For many, Duran Duran epitomizes the ’80s, model-filled parties, yacht-filled music videos and flamboyant fashion, which is why their enduring popularity remains such an intriguing prospect.
Now releasing their 15th album and marking 40 years since the release of their self-titled debut album, one could argue that they are in the midst of a late career peak.
“It’s since we started working with producer Mark Ronson,” drummer Roger Taylor explains on Zoom.
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“He took us to a purple area and made us become friends with ourselves again because we walked through many different avenues, trying to find different directions and different sounds and almost trying to sound like other people.
“We had to go through a process of self-acceptance to get to where we are with this record.”
As the name suggests, their new album Future Past sees the band, now all over the age of 60, looking back and forth.
The call of collaborators is proof enough: pioneering indie DJ Erol Alkan, Blur guitarist Graham Coxon, 23-year-old Ivoirian Doll rapper, famous Ronson and Bowie keyboardist Mike Garson.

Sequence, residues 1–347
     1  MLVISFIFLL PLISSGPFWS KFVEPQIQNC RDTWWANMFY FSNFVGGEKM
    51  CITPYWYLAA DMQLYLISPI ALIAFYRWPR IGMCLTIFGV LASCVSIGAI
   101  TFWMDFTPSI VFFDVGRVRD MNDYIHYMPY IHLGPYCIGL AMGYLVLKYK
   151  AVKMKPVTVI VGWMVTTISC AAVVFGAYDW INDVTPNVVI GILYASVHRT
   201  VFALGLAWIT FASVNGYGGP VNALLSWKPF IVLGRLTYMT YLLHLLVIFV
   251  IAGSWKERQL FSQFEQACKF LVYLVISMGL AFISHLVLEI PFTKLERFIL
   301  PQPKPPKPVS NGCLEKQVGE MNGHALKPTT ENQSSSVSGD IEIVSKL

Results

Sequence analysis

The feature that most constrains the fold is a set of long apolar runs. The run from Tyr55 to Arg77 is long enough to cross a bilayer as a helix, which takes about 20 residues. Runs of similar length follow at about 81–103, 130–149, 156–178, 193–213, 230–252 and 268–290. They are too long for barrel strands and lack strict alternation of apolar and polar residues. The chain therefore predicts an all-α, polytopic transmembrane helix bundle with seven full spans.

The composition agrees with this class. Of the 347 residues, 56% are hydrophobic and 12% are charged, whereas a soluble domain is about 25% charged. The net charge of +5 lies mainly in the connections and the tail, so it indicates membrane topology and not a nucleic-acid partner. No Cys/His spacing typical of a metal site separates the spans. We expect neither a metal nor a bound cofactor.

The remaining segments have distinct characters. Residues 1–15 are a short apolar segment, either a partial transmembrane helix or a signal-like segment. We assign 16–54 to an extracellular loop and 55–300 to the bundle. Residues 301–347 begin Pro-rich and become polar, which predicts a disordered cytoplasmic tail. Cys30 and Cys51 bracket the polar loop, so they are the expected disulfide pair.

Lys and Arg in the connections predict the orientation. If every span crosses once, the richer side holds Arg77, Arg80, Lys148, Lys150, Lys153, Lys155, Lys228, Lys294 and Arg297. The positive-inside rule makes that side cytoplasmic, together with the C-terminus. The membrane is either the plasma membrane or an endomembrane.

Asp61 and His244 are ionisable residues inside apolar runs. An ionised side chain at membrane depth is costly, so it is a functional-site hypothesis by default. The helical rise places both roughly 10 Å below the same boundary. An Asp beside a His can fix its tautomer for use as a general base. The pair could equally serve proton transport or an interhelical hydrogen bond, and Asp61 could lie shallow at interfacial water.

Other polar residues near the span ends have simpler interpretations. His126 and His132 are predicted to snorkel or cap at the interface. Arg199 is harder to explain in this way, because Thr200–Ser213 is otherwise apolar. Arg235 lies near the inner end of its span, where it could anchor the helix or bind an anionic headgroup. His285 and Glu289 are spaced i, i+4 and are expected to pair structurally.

“It’s definitely one of the strangest records we’ve ever made,” Taylor tells me, recalling their recording sessions before the pandemic.
“We thought we were almost done on the record, to be honest with you.
“We had been working on the record for a few months and I know Erol Alkan wanted it to be a quick album.
“He wanted it to be high energy, he wanted it to be very live the way we recorded it.
“And he thought we could do it all in three or four months.
“And then of course, the pandemic. ”
After months of confinement, the group returned to the studio with Alkan and their sound engineer.
Frontman Simon Le Bon said the forced break helped ease creative tensions between the group.
“We came back with renewed energy and renewed focus,” Taylor adds.
“We had objective thinking, which we had never really allowed before in the record-making process.”